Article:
This post was written by Reba Hull Campbell
I submitted my first Mercury Award entry almost 20 years ago. It was a single entry in the Silver Wing category for a project I was really proud of when I worked at SCETV. The project had been very successful in meeting its goals. But it didn’t win.
I fretted awhile over what was wrong with our project and eventually realized the project was great – it was the award entry that wasn’t so great. Over the next year, I talked with other SCPRSA members who frequently won awards. I read articles in PRSA publications and revisited what I knew about research/planning/implementation/evaluation. I studied the award criteria carefully when the call for entries arrived. The next year, we walked out with not just one, but two awards. That was 2000.
In the subsequent years, my teams’ projects at ETV, the Governor’s School Foundation and the Municipal Association won awards almost every year. Over the years, we fine tuned our approach to award submissions making sure that, throughout the year, we were keeping track of the items we would need for the entries. We designated one person on our staff to file and track these items.
Not only did tracking this throughout the year give us what we needed to craft winning entry packets, but it also made our projects stronger by ensuring on the front end we were actively employing all the steps in the research/planning/implementation/evaluation process.
After several SCPRSA members judged the San Diego awards this summer, I solicited some insight from several who volunteered as judges. Here’s a compilation of some of their advice and comments:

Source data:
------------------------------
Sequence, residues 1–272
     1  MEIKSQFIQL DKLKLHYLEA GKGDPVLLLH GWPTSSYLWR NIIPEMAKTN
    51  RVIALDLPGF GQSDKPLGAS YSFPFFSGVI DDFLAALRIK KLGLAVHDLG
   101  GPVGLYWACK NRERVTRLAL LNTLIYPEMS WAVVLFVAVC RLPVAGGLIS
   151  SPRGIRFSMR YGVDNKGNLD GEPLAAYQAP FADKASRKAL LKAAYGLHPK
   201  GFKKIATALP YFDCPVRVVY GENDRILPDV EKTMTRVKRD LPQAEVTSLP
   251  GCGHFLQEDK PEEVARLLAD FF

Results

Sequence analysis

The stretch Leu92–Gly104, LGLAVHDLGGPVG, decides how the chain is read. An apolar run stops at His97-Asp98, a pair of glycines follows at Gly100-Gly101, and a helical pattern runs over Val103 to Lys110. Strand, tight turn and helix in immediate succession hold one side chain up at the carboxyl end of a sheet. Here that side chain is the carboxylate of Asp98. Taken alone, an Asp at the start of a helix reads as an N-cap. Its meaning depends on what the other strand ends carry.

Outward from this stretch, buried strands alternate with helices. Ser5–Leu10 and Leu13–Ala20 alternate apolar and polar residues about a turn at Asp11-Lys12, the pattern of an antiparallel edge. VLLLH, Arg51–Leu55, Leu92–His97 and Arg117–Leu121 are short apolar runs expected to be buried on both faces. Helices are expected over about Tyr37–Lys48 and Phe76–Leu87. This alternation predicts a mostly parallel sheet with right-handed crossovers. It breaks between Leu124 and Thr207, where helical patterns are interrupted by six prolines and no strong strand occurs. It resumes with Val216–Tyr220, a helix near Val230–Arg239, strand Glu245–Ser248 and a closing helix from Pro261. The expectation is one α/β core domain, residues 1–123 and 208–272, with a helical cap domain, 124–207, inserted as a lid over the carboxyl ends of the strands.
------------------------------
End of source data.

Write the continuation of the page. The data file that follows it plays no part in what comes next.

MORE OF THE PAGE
- Keep your entry packet simple. An ineffective project or program won’t win no matter how well you dress up the entry. Fancy notebooks and reams of clips are no substitute for quality research/planning/implementation/evaluation.
- Describe research using specific methods to figure out why you need the campaign in the first place. I found that some of the award entries lacked well-organized descriptions about research (primary and secondary). Instead many opted to say something like … “we were hired to shoot and edit a commercial because the organization felt not enough people knew about their goods or services offered.”
- Discuss in detail what the research suggested and why – goals, strategies, timeline, etc. Most of the ones I judged discussed just a brief plan but did not communicate how (strategies, tools, tactics), when (timeline) and why (based on research) they implemented the project.
- Remember to set measurable goals. Evaluation was a huge loss for most of the entries. A recurring theme: no clear, quantifiable goals stated, therefore leaving little to
- Follow the instructions precisely. It made the judging so much easier when I had didn’t have to specifically seek out items that were either missing or buried in the
- Make sure to include budget details. That was the biggest weakness in most of the entries I judged. Either a general number was mentioned or a term such as “sparse
budget” was used.
- Tie evaluation to quantifiable goals. In many I judged, the evaluation included numbers such as clicks, hits, visitors, clips etc. but those numbers weren’t tied to anything in the goals.
- Keep in mind the judges will know nothing about your project, company or challenge. Use a paragraph of two to help them understand the context of your entry.